Dear Laney.
      If you have a history of an ectopic pregnancy, this could be due to tubal disease and is some cases both tubes are affected.. As you well mention, it is advisable to do an early pregnancy scan to rule out an ectopic pregnancy in the remaining tube but remember ectopic pregnancies are not that frequent so you could still have a perfectly ongoing intrauterine pregnancy
      Best regards

  9. Aiza Reply

    Hi. I had a hysteroscopy last year because I had something that blocked my uterus. After that I started taking Clomid for ovulation. My period has been irregular since I had it the first time. My Obgyn told me that the result of my blood test taking clomid for ovulation is just 0.29 and it has to be double digit to say that I ovulate with the dosage of Clomid I’m taking, she already increase the dosage for me. My question is , is there any medication I can take for me to ovulate and what are the chances of me getting pregnant if I dont ovulate at all? Is the IUI an option for me to do if I dont ovulate at all? Please I need to Know. My husband and I are trying to concieve for four years now. I would appreciate any information about my situation. Thank you! God bless

  10. shariff Reply


    My wife suffered from tuberculosis when she was 3 month pregnant,after we made abortion
    After several months she had ectopic pregnancy for this reason doctor removed left fallopian tube .

    After we trying but nothing will be happen

    Now i am diceded to make IUI plz give me a suggetion

    I am really confusion and unhappy plz plz help me.


    • Dr. Marisa López-Teijón Reply

      Dear shariff,

      It is posible to proceed with an IUI but you have to be sure that your wife is ovulating in the right ovarian and her right tube is patent.

      Kind regards

  11. Wenda Reply

    Hi there,
    Thank you, im glad to hear that cervical mucus changes (egg white ) and regular menstruation mean your ovulating,I have been searching for that answer.
    My main question today is being an old bird can I conceive at 44yrs or older?
    I’ve always had longer than 28 day cycles (31/32 days), however I had four back to back 28 day periods just before turning 40 yrs old, I felt normal! Then when my fortieth birthday came I actually conceived that month but miscarried at almost 12 weeks.
    We tried on and off and luckily we got pregnant a year on and I gave birth to a gorgeous healthy little man at 42. Im 44 now and my cycles still average around 32 days,some less,with egg white mid cycle ,so what do you think? Is it still possible ?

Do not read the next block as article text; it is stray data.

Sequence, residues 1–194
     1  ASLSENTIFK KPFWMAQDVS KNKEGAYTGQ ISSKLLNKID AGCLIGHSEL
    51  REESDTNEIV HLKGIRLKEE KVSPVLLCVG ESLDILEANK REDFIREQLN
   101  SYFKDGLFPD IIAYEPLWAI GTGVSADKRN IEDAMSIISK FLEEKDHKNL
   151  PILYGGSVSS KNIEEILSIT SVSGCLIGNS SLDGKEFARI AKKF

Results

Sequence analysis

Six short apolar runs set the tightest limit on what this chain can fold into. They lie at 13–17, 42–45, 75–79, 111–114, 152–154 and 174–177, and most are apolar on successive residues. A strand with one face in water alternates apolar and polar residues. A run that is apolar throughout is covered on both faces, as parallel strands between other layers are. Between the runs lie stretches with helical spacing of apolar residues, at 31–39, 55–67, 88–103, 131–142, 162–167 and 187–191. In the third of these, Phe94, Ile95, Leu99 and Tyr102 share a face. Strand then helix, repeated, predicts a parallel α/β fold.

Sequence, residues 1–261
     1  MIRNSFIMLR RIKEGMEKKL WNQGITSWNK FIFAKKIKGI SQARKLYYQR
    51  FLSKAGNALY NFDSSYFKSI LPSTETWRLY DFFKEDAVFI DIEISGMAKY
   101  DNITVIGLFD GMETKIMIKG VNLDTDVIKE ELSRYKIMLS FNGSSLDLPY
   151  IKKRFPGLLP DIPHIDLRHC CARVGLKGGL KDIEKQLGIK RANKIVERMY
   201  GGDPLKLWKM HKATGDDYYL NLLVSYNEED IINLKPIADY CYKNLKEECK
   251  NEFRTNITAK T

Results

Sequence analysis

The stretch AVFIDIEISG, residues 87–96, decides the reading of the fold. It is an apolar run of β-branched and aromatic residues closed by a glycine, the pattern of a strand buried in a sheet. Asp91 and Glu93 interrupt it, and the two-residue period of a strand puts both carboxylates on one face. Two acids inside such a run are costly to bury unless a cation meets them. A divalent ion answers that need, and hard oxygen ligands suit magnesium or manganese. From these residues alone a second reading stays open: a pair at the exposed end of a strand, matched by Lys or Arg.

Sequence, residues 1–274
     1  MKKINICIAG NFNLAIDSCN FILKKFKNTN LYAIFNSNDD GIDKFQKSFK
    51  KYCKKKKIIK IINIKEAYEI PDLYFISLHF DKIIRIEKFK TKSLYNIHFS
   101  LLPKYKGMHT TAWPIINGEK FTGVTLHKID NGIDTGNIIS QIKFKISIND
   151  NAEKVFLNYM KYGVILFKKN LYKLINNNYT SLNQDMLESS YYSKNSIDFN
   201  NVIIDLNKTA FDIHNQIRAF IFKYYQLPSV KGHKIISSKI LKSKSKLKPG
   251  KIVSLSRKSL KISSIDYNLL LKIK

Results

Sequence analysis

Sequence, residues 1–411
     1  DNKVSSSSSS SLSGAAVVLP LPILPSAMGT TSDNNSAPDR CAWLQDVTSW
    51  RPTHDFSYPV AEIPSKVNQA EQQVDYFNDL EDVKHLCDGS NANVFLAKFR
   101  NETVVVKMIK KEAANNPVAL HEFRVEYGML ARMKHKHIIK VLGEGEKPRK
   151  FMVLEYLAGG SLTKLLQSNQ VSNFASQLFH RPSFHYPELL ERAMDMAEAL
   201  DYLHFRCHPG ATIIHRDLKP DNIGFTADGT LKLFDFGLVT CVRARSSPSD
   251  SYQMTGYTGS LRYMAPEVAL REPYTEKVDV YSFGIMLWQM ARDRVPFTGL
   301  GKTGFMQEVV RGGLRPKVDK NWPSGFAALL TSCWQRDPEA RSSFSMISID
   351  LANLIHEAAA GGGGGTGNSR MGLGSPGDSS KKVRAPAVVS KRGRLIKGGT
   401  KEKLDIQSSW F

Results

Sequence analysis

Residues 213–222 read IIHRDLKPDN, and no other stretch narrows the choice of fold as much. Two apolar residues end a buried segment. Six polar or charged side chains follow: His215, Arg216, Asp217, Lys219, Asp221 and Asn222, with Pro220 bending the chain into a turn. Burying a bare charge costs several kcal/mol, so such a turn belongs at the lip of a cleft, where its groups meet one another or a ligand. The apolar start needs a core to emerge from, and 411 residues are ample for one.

Much appreciated.

    • Dr. Marisa López-Teijón Reply

      Dear Wenda,

      At this age we strongly recommend to proceed with an egg donation treatment due to the poor chances of success using your own eggs.

      Kind regards

    • Mildred Garcia Reply

      Don’t get discorage. I am 45 years old and my last baby was conceived naturally at 43, born when I was 44. She is 16 months. I am trying to give her a sibling but I found out That my left fallopian tube is blocked now. I just went for a sonogram and they told me that I had just ovulated from the left side (the one that is closed) As soon as I get my period , I will start clomid 100 mg from day 2-6, praying to ovulate from my right ovary . Go to your doctor and get tested for everything so you know where are you standing. Good luck

  12. Amy Reply

    Dear Dr Marisa,

    I have been told that I have a low ovarian reserve (I am 36). I started doing scans every period to track my antral follicle count. Last 2 periods at my day 5 scan I already had dominant follicles. This month on day 6 the biggest one was only 6 mm :( does this mean they will not be growing this month, or is there still hope? I should mention that my period is nornally 26 days.
    Thank you so much for tour help!

    • Dr. Marisa López-Teijón Reply

      Dear Amy,

      Having no dominant follicle on your day 6 scan can be still be normal. Cycles length might vary from cycle to cycle and the dominant follicle might be more visible from day 9 onwards.

      Kind regards

  13. Rachel Reply

    Very informative article, thank you. My question is in regards to hyper-ovulation. I have regular cycles and can easily tell when I am ovulating due to changes in cervical mucus. Most literature I read mentions the egg-white appearance occurring for one day, but most months I experience this for 2-3 days. Does this indicate hyper-ovulation? Twins are heavy in my family and I always wondered if there was a correlation.